The Orphan Drug Act (“ODA”), which President Ronald Reagan signed into law on January 4, 1983, turned 30 years old in January, 2013.
The milestone came just days after the death of actor Jack Klugman, who has been credited as being an important driving force behind the passage of the law. Klugman, the star of “Quincy, M.E.,” testified before Congress on the ODA, and two episodes of the show focused on the issue of rare diseases: “Seldom Silent, Never Heard” (1981) and “Give Me Your Weak” (1982).
For several years now, the FDA Law Blog has taken stock of the year that was in orphan drug designations and approvals. For example, in 2011, we noted that 2010 saw a record number of orphan drug designation applications. In 2012, we celebrated a record number of orphan drug approvals and orphan drug designations in 2011. In 2013, we don’t have any new records to report on reached in 2012; however, there are some near records, showing that interest in orphan drug remains quite high. And we’ve looked at some new orphan drug metrics based on information available from FDA’s searchable database for Orphan Designated and or Approved Products that we think readers will find interesting.
In 2012, FDA surpassed the 400 orphan drug approval mark, ending up with 25 orphan drug approvals – just one shy of the record 26 orphan drug approvals set in 2011. Both orphan drug designations and orphan drug designation requests were down in 2012, with 188 orphan drug designations and 264 orphan drug designation requests. Records for those metrics were set in 2011 with 203 orphan drug designations and in 2010 with 306 orphan drug designation requests, as shown in the table below. Overall, FDA has granted designation to nealy 70% of the requests submitted to the Agency since 1983.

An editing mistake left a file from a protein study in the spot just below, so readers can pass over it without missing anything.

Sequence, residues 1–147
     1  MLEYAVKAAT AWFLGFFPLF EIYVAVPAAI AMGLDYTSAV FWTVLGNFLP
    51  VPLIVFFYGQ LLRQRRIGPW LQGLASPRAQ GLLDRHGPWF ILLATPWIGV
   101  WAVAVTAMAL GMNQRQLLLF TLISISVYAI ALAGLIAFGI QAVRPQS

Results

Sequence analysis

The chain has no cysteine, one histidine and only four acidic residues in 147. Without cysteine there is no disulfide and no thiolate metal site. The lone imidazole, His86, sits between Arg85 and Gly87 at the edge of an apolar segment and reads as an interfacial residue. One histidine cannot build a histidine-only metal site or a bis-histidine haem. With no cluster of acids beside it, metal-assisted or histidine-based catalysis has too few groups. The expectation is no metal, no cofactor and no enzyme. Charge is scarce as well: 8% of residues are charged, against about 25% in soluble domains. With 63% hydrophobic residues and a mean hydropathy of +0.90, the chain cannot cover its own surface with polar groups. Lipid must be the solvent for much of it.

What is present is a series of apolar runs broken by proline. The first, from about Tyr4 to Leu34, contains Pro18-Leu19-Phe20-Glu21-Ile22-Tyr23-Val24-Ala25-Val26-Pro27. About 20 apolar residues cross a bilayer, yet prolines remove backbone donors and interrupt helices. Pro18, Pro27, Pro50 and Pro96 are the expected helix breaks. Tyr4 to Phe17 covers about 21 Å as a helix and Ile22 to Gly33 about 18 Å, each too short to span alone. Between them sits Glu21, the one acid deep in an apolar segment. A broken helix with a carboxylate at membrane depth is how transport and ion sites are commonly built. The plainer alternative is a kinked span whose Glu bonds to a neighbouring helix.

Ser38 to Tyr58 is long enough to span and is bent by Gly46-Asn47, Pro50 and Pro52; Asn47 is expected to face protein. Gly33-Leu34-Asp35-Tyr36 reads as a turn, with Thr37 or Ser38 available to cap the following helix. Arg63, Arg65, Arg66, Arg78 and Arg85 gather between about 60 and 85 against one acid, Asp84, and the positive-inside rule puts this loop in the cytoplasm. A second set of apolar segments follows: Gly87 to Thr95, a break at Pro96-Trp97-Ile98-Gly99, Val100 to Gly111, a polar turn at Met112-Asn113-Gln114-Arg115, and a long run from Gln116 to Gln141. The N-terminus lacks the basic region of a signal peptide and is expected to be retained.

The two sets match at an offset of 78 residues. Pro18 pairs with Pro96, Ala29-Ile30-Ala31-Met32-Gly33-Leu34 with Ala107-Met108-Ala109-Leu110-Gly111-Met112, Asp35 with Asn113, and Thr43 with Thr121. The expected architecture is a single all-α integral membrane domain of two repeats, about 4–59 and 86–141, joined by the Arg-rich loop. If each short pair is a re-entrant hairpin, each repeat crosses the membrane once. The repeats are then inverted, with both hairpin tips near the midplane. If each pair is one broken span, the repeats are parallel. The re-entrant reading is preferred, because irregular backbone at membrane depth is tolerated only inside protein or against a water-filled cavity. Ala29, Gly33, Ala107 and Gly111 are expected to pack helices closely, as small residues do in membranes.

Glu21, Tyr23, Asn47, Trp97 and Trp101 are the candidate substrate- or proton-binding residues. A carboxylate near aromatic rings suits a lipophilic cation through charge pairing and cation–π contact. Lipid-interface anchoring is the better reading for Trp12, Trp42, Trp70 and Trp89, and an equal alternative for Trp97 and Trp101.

The new metrics we decided to look at this year, as reflected in the last two columns of the table below, required some significant number crunching based on data from FDA’s database. The first metric is the number of drugs designated in a particular year that ended up with an approval. Thus, for example, in 1984, FDA designated 41 products as orphan drugs, and 24 of those designations ended up with an orphan drug approval. The second metric is perhaps of greater interest. It shows the number of days – expressed as an average, median, and range – between orphan drug designation and approval for products designated in that particular year. Overall, it takes an average of about 4 years and a median of about 3 years from designation to approval. Excluding the zeros in the table below, the quicked designation-to-approval was 2 days (for epirubicin as a component of adjuvant therapy in patients with evidence of axillary node tumor involvement following resection of primary breast cancer), and the longest designation-to-approval was 9,529 days (for factor XIII concentrate (human) for the routine prophylactic treatment of congenital factor XIII deficiency). It should be noted that the figures in the last column include a small percentage – about 2.9% – of products that were approved before designation was granted. Those anomalies occurred in 1984, 1985, 1987, 1991, 2008, 2010, and 2011, and, in most cases, before the ODA was amended to require that a company request designation before submission of a marketing application for the orphan drug. Instead of counting those days in the negative, we counted them towards the overall figures.